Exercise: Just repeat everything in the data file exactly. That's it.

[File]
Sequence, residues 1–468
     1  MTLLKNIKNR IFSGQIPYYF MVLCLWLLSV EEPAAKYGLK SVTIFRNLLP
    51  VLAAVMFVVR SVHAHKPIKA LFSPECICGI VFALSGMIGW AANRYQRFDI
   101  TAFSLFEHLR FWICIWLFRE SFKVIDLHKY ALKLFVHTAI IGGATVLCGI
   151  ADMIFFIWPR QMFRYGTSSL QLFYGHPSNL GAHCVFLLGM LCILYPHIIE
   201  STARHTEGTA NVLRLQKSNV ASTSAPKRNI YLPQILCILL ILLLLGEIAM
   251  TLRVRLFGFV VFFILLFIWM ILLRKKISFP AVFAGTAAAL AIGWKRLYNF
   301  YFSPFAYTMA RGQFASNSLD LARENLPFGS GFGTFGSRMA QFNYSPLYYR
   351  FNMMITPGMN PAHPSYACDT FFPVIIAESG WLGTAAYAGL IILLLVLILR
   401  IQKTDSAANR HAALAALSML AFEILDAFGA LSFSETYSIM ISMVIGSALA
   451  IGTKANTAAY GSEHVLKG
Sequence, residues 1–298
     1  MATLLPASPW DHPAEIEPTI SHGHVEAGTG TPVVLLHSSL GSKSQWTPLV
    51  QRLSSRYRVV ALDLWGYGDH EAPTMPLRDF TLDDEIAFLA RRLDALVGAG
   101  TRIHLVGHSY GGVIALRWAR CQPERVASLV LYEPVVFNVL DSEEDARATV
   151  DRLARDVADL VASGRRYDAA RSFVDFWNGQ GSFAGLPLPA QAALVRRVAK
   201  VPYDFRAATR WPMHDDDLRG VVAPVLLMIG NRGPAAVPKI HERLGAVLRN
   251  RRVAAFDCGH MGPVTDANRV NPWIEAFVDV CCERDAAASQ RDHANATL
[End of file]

Sequence, residues 1–468
     1  MTLLKNIKNR IFSGQIPYYF MVLCLWLLSV EEPAAKYGLK SVTIFRNLLP
    51  VLAAVMFVVR SVHAHKPIKA LFSPECICGI VFALSGMIGW AANRYQRFDI
   101  TAFSLFEHLR FWICIWLFRE SFKVIDLHKY ALKLFVHTAI IGGATVLCGI
   151  ADMIFFIWPR QMFRYGTSSL QLFYGHPSNL GAHCVFLLGM LCILYPHIIE
   201  STARHTEGTA NVLRLQKSNV ASTSAPKRNI YLPQILCILL ILLLLGEIAM
   251  TLRVRLFGFV VFFILLFIWM ILLRKKISFP AVFAGTAAAL AIGWKRLYNF
   301  YFSPFAYTMA RGQFASNSLD LARENLPFGS GFGTFGSRMA QFNYSPLYYR
   351  FNMMITPGMN PAHPSYACDT FFPVIIAESG WLGTAAYAGL IILLLVLILR
   401  IQKTDSAANR HAALAALSML AFEILDAFGA LSFSETYSIM ISMVIGSALA
   451  IGTKANTAAY GSEHVLKG
Sequence, residues 1–298
     1  MATLLPASPW DHPAEIEPTI SHGHVEAGTG TPVVLLHSSL GSKSQWTPLV
    51  QRLSSRYRVV ALDLWGYGDH EAPTMPLRDF TLDDEIAFLA RRLDALVGAG
   101  TRIHLVGHSY GGVIALRWAR CQPERVASLV LYEPVVFNVL DSEEDARATV
   151  DRLARDVADL VASGRRYDAA RSFVDFWNGQ GSFAGLPLPA QAALVRRVAK
   201  VPYDFRAATR WPMHDDDLRG VVAPVLLMIG NRGPAAVPKI HERLGAVLRN
   251  RRVAAFDCGH MGPVTDANRV NPWIEAFVDV CCERDAAASQ RDHANATL